Alternative Transit Project Delivery Offers Attractive Options

Posted on March 18, 2013 by Alex Roman, Managing Editor

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Photo Courtesy DART
Photo Courtesy DART

What are some situations where alternative project delivery may be more ideal?

George Pierson (President/CEO, Parsons Brinckerhoff): Certainly, it’s best for Greenfield projects, as well as an extension off of an existing project or system where you have the ability to go out and really control the environment in which you’re working.
Where it is an upgrade to an existing line and is tied very closely into the existing system, it becomes less favorable. The reason for that is the more flexibility that one can give to the design-build contractor, the more room for innovation, cost savings and schedule savings there is.

Reffreger: There is no definition of a best project. Obviously when it’s going to be a Greenfield application, it might be easier because you are starting from scratch and don’t have any constraints or parameters that you need to fit into.

Brun-Brunet: Alternative project or procurement schemes really become relevant for projects with a total price tag of $150 million or greater. Beyond that, they can be applied to any type of project as long as the agency in question understands and accepts a few basic realities of a public private partnership as it pertains to their project.

First, the project has to be viable, and its structure should be thoroughly guided and vetted by experienced financial, legal and technical advisors.

Additionally, a public-private partnership is not a substitute for public transportation funding. It is a way to accelerate projects by leveraging some public money to attract private investment while controlling costs and guaranteeing certain performance criteria for construction, operation and maintenance of the system.

Also, private partners assume some of the risk associated with a new transportation project, but not all of it. Any risk linked to public activity, such as land acquisition, relocating utilities, changing laws or inflation, remains in the purview of the public agency or entity driving the project. In turn, the private partner or consortium assumes the risk of constructing the system on-time and on-budget, and operating and maintaining it profitably for as long as 30 years.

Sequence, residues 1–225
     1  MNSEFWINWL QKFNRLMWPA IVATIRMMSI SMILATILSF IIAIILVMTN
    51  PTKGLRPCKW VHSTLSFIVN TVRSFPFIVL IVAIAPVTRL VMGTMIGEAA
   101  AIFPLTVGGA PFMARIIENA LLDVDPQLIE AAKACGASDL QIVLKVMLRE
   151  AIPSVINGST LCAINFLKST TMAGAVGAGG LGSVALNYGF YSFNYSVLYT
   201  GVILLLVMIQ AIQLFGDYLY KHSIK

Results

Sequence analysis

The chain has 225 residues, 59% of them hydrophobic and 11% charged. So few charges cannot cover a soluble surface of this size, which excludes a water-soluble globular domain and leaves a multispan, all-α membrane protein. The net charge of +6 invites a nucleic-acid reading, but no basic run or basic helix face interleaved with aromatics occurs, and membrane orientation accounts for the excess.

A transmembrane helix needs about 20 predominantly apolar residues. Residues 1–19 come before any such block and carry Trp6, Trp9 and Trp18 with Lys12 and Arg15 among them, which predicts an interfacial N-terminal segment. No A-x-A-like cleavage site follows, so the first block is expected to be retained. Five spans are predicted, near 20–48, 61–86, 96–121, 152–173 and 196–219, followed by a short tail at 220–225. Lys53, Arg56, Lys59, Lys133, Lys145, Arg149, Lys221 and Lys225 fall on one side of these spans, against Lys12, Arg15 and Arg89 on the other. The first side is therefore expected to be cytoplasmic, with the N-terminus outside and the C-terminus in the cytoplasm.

Finally, as with any large-scale effort to better serve the public, transportation projects need a political champion to drive them forward and build broader support throughout the community. After all, why would people ride a train they never wanted in the first place? The importance of community engagement in making these innovative transportation projects successful really cannot be understated.

What should agencies look for when choosing a partner?
Placilla: They want to look at the credentials of the company — their financial wherewithal, their performance records, the credentials of the people they are planning on putting on the job. Have they done a project like this before? Bottom line is can the company provide the bonding necessary for the project, and ultimately, can they write down a number that is competitive?

Barend: Consider if there is any ability to gather innovation through a PPP. A PPP can bring a lot more innovation than a traditional delivery, but if it’s a very simple construction project with a little design that’s needed, then there won’t be many benefits in terms of innovation. You need to consider the public policy ramifications and if there’s existing transit and maintenance already. If there’s a transit line that already exists and you’re going to expand, you have to consider what you’re going to do with your existing workforce and how you’d deal with that, if you embarked on a PPP.

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